Poems of the Month: November 2017

Here are the Poems of the Month for November 2017, as selected by Anthology Editors, Ros Schulz and Karl Cameron-Jackson. Congratulations to David Harris and Elaine Barker.


THE JAGUAR’S PAW by Elaine Barker
(Tikal, Guatemala)

It’s a symbol placed at eye level
and scratched deep into stone
at the base of a high wall
many centuries ago.
You can trace the shape
of the pad and each claw
of the feared and sacred jaguar
although moss like a pelt
and as green as jade
has spread to blur its outline.
You still sense the energy,
the feline grace
and mythic power
and although you have your photo
taken quickly in passing
that image reaches out
to puncture your thoughts,
become etched into your mind.
A noise close at hand
makes you spin around,
almost expecting to see,
like glistening stones,
eyes that gleam momentarily,
only to vanish
into the teeming undergrowth.


THE USE-BY DATE by David Harris

Our Nigel was a kindly man,
and much more shy than forward.
His contacts with the female sex
as rare as they were awkward.
He went on dates, but when he did
his shyness made him boring.
If opportunity came his way
he’d miss it, without scoring.

And then there was the day when he
was flying off to Dublin.
He couldn’t pass security,
the beeper kept on buzzin’,
until they asked him “Sir, we think
some foil is on your person.”
That condom, in its square, foil pack!
and then he started cursin’.

They made him take the package out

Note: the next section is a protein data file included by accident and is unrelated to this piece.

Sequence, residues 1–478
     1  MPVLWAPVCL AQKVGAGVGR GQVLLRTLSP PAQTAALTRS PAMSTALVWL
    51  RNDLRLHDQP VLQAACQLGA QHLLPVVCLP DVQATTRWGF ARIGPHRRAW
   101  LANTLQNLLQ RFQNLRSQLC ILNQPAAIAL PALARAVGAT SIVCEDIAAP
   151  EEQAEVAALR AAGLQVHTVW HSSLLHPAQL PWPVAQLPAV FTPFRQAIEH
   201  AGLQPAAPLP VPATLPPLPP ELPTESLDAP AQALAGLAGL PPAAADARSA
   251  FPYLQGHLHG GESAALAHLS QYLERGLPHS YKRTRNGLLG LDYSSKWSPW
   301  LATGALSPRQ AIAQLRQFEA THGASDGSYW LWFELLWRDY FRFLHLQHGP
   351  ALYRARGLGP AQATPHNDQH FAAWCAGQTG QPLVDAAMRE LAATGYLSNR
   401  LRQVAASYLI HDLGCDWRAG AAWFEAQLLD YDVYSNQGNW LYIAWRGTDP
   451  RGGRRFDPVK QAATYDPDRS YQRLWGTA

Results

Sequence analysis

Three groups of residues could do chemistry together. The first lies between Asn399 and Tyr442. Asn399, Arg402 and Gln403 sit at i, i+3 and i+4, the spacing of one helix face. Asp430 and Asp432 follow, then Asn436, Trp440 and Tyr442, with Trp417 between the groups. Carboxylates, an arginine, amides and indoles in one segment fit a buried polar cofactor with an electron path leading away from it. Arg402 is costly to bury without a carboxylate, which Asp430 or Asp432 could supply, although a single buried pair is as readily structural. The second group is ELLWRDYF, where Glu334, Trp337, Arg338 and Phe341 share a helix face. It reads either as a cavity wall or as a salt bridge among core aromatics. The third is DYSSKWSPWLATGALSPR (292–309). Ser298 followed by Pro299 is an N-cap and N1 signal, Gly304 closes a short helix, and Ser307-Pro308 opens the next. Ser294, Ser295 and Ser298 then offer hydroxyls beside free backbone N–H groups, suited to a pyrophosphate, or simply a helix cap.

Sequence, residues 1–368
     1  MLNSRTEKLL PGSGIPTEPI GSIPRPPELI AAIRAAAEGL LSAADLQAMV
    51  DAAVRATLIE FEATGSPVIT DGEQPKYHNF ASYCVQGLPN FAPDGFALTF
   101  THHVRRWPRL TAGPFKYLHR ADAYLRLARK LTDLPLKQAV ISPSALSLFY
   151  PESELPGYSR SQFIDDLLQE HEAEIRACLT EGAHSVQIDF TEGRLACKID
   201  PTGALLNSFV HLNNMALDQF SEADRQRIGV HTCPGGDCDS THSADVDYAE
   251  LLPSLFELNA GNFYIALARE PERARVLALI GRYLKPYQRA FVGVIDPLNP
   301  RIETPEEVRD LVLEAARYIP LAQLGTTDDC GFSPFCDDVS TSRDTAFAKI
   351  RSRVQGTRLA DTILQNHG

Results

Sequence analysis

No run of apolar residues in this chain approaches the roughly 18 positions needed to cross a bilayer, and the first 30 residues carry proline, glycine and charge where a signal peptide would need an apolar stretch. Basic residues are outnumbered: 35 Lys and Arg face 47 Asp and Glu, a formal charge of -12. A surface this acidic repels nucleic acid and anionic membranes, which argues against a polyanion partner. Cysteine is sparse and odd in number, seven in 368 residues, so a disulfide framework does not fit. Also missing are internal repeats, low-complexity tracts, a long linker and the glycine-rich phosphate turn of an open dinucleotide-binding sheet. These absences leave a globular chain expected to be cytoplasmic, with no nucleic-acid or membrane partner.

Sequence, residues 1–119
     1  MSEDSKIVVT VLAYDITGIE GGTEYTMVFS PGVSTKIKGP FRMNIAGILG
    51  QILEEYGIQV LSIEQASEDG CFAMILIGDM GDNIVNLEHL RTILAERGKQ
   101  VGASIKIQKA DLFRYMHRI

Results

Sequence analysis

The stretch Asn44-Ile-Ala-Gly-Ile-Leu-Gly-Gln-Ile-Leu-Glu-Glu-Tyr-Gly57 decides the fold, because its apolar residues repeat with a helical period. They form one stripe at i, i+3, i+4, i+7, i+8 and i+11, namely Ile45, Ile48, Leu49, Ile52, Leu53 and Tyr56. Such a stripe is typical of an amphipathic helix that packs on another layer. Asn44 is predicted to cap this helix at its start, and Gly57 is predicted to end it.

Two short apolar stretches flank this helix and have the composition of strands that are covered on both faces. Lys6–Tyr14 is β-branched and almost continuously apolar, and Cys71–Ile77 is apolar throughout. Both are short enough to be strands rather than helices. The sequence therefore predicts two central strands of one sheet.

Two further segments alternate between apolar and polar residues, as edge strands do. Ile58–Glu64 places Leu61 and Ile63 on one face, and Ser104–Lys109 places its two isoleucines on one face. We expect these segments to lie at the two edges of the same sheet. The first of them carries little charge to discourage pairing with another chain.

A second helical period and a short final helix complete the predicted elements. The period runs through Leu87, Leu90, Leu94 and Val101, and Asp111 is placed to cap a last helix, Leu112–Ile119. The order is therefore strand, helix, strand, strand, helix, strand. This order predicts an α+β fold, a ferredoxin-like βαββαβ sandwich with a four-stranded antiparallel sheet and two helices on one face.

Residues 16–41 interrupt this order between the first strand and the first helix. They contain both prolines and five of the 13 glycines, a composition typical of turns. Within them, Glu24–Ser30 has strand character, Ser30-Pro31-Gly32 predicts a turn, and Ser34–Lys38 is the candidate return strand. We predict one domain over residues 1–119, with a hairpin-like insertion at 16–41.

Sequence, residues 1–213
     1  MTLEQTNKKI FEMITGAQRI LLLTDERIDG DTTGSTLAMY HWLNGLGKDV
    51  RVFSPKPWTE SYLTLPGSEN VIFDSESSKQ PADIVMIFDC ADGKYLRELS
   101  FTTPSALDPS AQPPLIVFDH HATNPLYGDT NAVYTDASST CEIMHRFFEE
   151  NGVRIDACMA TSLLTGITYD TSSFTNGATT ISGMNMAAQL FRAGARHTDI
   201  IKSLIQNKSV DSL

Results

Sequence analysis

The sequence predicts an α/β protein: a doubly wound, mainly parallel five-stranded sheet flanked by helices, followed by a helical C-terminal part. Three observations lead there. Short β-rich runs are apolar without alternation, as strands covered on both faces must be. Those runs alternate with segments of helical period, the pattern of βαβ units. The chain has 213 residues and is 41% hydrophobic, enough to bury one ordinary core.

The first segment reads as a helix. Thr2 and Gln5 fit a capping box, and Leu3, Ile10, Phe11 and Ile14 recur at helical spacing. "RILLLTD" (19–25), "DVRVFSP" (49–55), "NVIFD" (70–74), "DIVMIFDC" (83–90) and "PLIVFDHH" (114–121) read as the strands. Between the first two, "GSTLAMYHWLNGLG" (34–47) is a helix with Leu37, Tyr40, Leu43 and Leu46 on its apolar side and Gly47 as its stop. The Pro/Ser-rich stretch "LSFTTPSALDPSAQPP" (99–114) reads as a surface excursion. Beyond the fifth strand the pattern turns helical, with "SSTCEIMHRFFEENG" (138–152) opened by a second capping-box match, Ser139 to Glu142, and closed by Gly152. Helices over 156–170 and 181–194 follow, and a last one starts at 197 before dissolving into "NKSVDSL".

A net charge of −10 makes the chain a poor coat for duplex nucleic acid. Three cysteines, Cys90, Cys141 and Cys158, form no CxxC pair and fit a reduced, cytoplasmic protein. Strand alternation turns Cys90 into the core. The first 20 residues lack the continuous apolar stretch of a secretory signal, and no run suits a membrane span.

and on the tray t’was placed
to roll down the conveyor tube
as Nigel stood, red-faced.
The glances and the sniggers
really made him feel quite sick.
He grabbed it from the X-ray band –
and rushed away, real quick!

On board the flight, our Nigel took
his seat beside the aisle –
beside a pretty woman with,
he found, a pretty smile.
But once the plane was off the ground
and climbing up to height,
her face was buried in a book.
No talking, then, in-flight.

The trolley with the drinks came ‘round.
He opted for a beer.
She smiled, and took a beer herself –
he suddenly felt queer
for as she reached across him
he could see her pink brassiere.

They sipped their beers in silence, and
her closed book he could see.
When food arrived, he took another
beer, and so did she.
So, warm and fed, they settled back,
lulled by the gentle rocking,
their second coffees in their hands,
at last, they started talking.

It seemed she was a singer, and that
Celtic was her forte,
admitting though, that in the pub,
her songs got rather naughty.
When Nigel told her that he was
a proud performing poet,
she asked to see his poetry,
he warned it was inchoate.

The alcohol was working well,
it really sank his fears,
there must have been much more in play –
it only took two beers,
he said he would recite for her
his latest epic poem,
up here, at thirty thousand feet,
so very far from home!

Our story now jumps forward past
the intervening week,
as friendship grew and deepened
with every daily tweet,
until the night that they arranged
a ceili to perform in,
and there she sang, and he performed
‘til early hours of morning.

He walked her home, through Dublin streets.
They sang, and kissed, and cuddled,
until they came to her hotel…
Poor Nigel was befuddled.
He didn’t want to leave her, but
he just said, very sadly,
“I think the last tram’s gone, my dear,
I’ve really timed it badly.”

She said to him, “if I were you,
I wouldn’t really worry.
Tomorrow is another day
when all the trams will run again.
I’m sure we won’t be sorry!”
And so they spent a happy night
till well into next day,
And while this was some time ago,
they still feel the same way.

And one of night-times little plays
which caused them happy smiles,
was when he tore the square, foil pack
he’d carried miles and miles,
the thought that entered in his head,
he could not help but state,
“It’s been with me so long, but now
it’s reached its use-by date!”